Let me introduce you to a new rising star of the thriller-book world: Hollie Overton. The US based author has just released her debut book, Baby Doll, a great novel. Here, she answered my questions over email. Please bear in mind that I have inserted some retrospective remarks, to ensure that the piece is more fluent. These are in bold.
Hello Hollie., thank you for agreeing to this interview.
Thank you for asking and thank you for reading Baby Doll!
Well, thank you for writing such a great book! You’ve now published a debut book; how did you come to write Baby Doll?
I credit unemployment for inspiring me to write Baby Doll. I was writing on the TV show, “The Client List.” IN 5H3 Spring of 2012, it was cancelled. I found myself writing TV pilots that weren’t selling and stressing about getting that next job. I felt creatively stuck. I decided that I needed to stop worrying about the outcome and just write something for the love of writing. It was the best decision I ever made.
Why did you choose to write a crime story?
I’ve always been fascinated by crime stories. In my house, watching Dateline was a family event. When the story broke about Ariel Castro, the Cleveland man who held three women captive for ten years, I was obsessed. I kept thinking about my family, especially my twin sister, Heather. I couldn’t imagine being separated from her or what life would be like for both of us. I don’t really think I chose to write a true crime story. I think it chose me.
Wow; that’s very touching. Did you have to research it?
I did a fair amount of research. Baby Doll explores a girl who is kidnapped and held for eight years. I don’t go into a great deal of about the abuse that Lily, my main character endured. But I do deal with the emotional aftermath of sexual assault and domestic violence. I read a lot about specific types of crimes as well as the psychology of what the victims endure. One of my best friends, Giselle Jones is a social worker and she was a great resource, making sure that I was accurately portraying these characters and their experiences. I also consulted with Special Agent Shanna G. Daniels of the FBI’s Investigative Publicity and Public Affairs Unit, who walked me through the procedures and protocol that occurs during a kidnapping and what happens when a victim comes home. She was very thorough, reading the entire manuscript and advising me on what could and couldn’t happen.
You must have felt very lucky to have her help. How did you create the situation round the twins?
Being an identical twin, I always knew the heart and soul of BABY DOLL was the twin relationship. Being an identical twin is an incredible thing. You have a soul mate, a best friend, someone closer to you than anyone in the world. You also have someone who, because of all those things drives you crazy. I really wanted to tell a story that captured all the nuances in the twin relationship.
You’re also a TV writer; how does that compare to being an author?
I feel fortunate that I get to tell stories for a living. The fun part about being a TV writer is that it’s a collaborative medium. The showrunner has a vision and you work with a team of other writers to bring that vision to life. It’s a fast paced environment that requires you to be quick on your feet, and forces you not to be precious about your own ideas. In TV writing rooms, the best idea wins. But that also means that a show, even an episode is never completely yours. The great thing about writing books is that every idea, every word on the page came from you, It’s your sole creation. On the flip side, it’s a very solitary endeavour. That’s why I love doing both. It really is the best of both worlds.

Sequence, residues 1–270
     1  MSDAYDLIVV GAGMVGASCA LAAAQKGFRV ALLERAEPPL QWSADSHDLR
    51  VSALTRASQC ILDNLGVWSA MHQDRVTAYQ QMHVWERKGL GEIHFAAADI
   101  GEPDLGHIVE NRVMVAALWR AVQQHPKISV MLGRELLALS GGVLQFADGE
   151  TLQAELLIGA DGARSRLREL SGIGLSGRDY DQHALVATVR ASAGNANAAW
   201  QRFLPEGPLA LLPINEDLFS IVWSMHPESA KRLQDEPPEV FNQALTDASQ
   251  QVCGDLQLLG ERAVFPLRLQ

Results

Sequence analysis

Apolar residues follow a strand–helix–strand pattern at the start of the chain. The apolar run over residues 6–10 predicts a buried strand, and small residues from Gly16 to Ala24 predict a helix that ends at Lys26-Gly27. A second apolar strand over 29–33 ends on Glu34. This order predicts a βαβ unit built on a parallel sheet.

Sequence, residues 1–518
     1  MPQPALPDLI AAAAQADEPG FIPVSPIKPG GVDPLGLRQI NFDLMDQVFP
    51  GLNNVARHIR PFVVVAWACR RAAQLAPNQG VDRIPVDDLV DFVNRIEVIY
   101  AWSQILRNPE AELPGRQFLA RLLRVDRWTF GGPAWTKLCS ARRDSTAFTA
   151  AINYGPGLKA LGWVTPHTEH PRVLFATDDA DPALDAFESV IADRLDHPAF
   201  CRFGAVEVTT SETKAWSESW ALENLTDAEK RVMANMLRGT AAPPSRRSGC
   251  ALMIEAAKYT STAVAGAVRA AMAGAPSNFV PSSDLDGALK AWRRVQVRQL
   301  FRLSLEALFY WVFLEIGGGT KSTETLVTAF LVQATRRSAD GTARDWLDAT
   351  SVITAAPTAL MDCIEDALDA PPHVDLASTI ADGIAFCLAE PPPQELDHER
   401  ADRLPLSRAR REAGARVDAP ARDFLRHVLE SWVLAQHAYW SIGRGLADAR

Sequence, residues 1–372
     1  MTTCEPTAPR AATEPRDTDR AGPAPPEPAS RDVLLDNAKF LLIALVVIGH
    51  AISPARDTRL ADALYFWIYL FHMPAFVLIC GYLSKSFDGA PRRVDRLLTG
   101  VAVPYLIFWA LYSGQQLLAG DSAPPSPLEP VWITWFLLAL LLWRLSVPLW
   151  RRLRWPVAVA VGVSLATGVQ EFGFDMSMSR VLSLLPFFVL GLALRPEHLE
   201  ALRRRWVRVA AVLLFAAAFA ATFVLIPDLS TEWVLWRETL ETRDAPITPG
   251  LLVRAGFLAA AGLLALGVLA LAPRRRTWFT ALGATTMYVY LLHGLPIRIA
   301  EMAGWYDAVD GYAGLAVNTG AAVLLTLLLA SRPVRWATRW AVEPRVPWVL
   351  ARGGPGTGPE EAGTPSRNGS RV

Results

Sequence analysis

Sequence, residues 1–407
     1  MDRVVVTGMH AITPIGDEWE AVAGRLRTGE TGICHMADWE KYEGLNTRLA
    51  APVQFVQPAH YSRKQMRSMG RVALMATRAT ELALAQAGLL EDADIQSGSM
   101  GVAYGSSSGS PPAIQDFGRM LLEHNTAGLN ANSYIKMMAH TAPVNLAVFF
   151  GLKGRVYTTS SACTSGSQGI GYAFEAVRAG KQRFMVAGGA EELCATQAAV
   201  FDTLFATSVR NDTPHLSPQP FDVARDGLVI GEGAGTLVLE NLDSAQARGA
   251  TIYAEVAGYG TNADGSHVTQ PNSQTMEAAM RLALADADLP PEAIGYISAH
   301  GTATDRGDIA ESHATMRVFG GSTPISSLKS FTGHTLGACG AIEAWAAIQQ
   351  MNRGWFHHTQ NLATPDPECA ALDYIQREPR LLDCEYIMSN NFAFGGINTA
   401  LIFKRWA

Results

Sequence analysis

Will there be a sequel? (*Crosses fingers hopefully.)
There won’t be a sequel to Baby Doll. I loved writing these characters and telling their story but I feel like I left them in a good place. In my mind, they’re moving past everything that happened to them. I’d hate to mess up their wonderful new lives. But I am working on my 2nd novel, THE WALLS, a thriller set in Texas about a woman who works on death row. It’s a very different book from Baby Doll but I’m excited about it.
Well, I can’t wait to read that. What is your advice for aspiring authors?
Keep writing. No matter how many no’s you get or how many times people tell you that what you’re writing isn’t for them, keep writing. If you believe in your talents and you have stories to tell, that’s what matters. It may not be today or tomorrow but one day you’ll see results. And I know it’s hard (and I still struggle with it) but don’t’ compare yourself to other writers. Your writing journey is as unique as the story you’re telling. Focus on that.
Random: what is your favourite city and why?
New York City has my heart. I grew up in Kingsville, a small town in Texas. When I was thirteen, we went on a family vacation and I fell in love. Driving into the city, it was as if my entire life were in black and white, and NYC was Technicolor. The noise, the crowds, the diversity, Broadway and the Fashion District, the museums, the restaurants, and the subways… I loved it all. I was determined to move to New York and I lived there for five years during college. I call Los Angeles home now but I go to NYC at least once a year to see shows and experience everything I love about the city.
Thank you Hollie, for answering my questions, and Jess Guillver, the lady who allowed me to review Baby Doll in the first place. To buy, please click here.